Attending a Sambadrome parade should be on everyone’s bucket list. Absolutely amazing and surreal to be there, H and I grabbed each other and screamed so many times throughout the night, trying to believe we were actually experiencing this. We all Samba’d the night away (to the best of our abilities) watching all of the amazing performances and left on such a high when the crowds cleared and the sun rose, the night had flown by. The streets were already littered with the parade costumes by the time we made it out – a great souvenir if you had the space – so much work just dumped in gutters. The rubbish was by now piled metres high due to the strike, and later in the week on the way to the bus station there were these amazing floats literally dumped on sidewalks and medium strips. All through the week of Carnaval, there was an indescribable atmosphere and energy throughout all of Rio, all day every day. We didn’t even bother to wash the glitter off from one day to the next. I found a speckle of glitter on my eyebrow a week after Carnaval was over.
For the final night we met a new Brazilian friend in Ipanema where there was meant to be a big street party. He left early on and for the first time it was just us 3 girls to fend for ourselves. We managed for about an hour before we got ourselves into trouble. Well, it turned out to be a gay street party and usually I would be in my element except this meant boys AND girls trying to lunge at our faces because ‘during Carnaval everyone kisses everyone’, so we tried to escape and find a gringo bar, got caught up in a huge packed crowd and – this is where we missed the 2 tall boys and shiny hats – I turned around for one second and H who had been behind me was gone. Long story short, her phone she uses as camera which she brought out for first time ever and all money was gone, she is the shortest person in the world so we all spent a couple of hours searching, I was pulled aside and had a guy make his friend perform a wedding ceremony so I would kiss him - did not work, we went to the apartment in case she came home, called tourist police and told to wait until morning, she made it back at 8am as we were leaving to go to the police - H luckily found some people to help her, we made future emergency separation plans (had not updated since Santiago).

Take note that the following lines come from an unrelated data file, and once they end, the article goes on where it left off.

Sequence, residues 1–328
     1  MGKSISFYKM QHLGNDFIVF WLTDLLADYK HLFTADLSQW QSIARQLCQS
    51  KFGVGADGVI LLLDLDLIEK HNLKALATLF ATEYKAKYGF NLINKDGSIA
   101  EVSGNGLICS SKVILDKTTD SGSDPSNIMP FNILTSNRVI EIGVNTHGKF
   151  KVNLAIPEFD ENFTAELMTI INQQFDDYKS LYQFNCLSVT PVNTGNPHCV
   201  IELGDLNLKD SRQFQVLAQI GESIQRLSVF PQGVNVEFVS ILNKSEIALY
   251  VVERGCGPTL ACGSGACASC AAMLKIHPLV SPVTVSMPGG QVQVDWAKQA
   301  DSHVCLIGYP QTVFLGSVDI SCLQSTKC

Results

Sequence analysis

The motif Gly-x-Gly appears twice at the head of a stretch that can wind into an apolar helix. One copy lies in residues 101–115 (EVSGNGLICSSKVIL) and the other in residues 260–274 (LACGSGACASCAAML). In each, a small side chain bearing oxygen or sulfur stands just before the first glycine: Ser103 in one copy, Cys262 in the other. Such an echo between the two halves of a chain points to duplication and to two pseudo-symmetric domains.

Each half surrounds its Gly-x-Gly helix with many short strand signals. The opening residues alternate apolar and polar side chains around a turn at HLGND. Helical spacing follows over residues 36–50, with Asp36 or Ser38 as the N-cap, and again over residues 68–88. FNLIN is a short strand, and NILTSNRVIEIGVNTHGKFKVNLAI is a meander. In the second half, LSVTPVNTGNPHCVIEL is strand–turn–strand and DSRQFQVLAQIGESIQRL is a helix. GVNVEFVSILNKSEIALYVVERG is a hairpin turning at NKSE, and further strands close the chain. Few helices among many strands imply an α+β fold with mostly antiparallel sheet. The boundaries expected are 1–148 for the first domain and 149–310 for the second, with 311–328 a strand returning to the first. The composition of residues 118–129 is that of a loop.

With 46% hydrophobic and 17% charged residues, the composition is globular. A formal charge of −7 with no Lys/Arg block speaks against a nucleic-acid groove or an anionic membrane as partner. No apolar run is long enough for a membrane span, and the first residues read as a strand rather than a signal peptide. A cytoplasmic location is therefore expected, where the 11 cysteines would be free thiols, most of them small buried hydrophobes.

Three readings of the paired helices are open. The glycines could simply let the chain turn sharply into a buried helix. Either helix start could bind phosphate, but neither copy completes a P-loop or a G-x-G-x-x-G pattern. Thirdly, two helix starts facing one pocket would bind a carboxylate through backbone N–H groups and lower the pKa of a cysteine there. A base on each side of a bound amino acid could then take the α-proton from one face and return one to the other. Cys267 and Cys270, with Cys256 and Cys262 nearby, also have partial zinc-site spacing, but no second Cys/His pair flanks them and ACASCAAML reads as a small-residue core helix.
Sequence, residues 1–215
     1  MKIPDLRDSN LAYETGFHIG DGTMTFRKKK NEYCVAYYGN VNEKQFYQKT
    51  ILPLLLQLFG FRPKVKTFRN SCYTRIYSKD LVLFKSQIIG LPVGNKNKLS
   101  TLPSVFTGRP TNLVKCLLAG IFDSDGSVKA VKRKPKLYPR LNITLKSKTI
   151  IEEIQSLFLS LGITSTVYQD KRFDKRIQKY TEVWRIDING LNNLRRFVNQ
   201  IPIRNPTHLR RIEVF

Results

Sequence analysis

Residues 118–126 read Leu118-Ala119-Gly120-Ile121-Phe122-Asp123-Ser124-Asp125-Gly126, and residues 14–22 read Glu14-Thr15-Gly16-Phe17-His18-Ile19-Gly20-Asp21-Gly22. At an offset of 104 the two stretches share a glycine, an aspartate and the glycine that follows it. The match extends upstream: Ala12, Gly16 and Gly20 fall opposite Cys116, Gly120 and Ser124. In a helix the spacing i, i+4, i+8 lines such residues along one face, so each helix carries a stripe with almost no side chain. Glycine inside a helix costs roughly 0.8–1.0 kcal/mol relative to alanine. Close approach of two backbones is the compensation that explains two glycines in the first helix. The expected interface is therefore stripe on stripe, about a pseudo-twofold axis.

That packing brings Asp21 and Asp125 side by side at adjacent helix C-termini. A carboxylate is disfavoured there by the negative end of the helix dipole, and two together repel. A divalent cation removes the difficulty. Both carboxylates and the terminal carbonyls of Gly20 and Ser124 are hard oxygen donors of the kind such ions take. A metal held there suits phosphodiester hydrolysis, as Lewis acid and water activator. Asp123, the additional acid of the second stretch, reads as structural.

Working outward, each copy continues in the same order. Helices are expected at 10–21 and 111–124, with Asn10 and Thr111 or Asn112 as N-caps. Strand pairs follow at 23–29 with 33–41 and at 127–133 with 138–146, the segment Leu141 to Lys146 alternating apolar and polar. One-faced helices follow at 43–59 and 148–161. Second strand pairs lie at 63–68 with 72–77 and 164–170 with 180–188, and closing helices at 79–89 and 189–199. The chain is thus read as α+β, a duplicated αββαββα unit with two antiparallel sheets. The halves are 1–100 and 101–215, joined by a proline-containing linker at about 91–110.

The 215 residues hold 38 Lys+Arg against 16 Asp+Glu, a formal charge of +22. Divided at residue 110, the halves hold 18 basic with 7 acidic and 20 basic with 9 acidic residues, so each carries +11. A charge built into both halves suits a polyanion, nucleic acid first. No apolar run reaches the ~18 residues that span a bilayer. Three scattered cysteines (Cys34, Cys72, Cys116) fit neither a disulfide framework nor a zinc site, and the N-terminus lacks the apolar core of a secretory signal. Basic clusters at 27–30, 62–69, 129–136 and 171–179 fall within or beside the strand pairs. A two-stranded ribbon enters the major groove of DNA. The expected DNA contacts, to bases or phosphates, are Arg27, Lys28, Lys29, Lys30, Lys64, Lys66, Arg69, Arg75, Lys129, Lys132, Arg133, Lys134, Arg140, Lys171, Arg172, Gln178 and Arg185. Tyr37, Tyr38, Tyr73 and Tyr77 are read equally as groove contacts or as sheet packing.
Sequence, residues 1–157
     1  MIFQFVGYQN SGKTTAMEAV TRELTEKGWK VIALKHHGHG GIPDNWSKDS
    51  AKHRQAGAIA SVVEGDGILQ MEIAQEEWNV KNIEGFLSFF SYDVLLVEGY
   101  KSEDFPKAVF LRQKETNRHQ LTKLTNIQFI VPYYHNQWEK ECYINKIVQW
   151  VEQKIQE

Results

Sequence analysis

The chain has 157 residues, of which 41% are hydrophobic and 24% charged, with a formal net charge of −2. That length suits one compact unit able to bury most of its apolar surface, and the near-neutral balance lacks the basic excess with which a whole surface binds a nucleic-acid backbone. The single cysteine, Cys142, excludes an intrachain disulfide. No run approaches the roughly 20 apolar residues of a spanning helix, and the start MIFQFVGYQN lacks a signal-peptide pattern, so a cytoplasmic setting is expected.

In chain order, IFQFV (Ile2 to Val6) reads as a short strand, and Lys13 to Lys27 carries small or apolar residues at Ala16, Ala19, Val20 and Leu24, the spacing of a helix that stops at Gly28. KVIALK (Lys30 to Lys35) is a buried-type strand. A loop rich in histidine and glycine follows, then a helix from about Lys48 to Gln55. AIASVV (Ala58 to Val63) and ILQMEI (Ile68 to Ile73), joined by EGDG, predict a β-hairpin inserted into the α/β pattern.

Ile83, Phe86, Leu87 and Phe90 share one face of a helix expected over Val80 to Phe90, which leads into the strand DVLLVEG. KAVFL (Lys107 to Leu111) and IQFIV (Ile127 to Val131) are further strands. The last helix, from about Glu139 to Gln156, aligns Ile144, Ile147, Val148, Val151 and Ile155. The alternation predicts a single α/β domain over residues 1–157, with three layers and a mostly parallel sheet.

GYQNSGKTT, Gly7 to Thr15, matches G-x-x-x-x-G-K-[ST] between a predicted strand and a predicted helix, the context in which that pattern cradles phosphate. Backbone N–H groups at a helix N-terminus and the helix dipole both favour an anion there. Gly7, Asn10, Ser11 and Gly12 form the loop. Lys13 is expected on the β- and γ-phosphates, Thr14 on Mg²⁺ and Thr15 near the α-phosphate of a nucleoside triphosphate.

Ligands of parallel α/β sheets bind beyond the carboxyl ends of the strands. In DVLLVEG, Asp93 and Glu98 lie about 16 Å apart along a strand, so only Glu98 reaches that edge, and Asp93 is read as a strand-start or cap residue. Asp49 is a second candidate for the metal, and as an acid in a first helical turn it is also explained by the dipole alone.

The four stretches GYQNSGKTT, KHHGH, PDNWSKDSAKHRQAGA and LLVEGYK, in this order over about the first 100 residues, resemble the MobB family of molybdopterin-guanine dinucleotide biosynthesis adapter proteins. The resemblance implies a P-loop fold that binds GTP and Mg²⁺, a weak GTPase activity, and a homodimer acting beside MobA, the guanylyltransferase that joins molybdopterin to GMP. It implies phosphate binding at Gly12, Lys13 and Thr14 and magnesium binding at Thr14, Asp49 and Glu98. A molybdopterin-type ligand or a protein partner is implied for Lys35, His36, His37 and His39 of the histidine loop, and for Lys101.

A week into our 10 day stay and we still had not done any sightseeing and wanted a few days on top of that to work on our tans, so we extended to 2 weeks. We did a day trip to the islands of Angra dos Reis and Ilha Grande a few hours away and then on a boat which reminded me just a bit of an asylum seeker boat, not the yacht we saw in photos. It was a bit rainy but our guide Tanya was great, very ‘fabulous’, she had the personality and energy of a drag queen and pumped everyone up all day, singing, chanting and talking crap. Only problem was passing the band on the boat to get to the bar and being forced to samba or salsa or whatever dance – I can’t do any of them – in front of the entire boat and see how ‘low can you go’...not very low, thanks Tanya. We stopped at a few islands to swim, or just off the side of the boat with noodles, had seafood for lunch, met a really nice Argentinian family who adopted us and had a really fun day.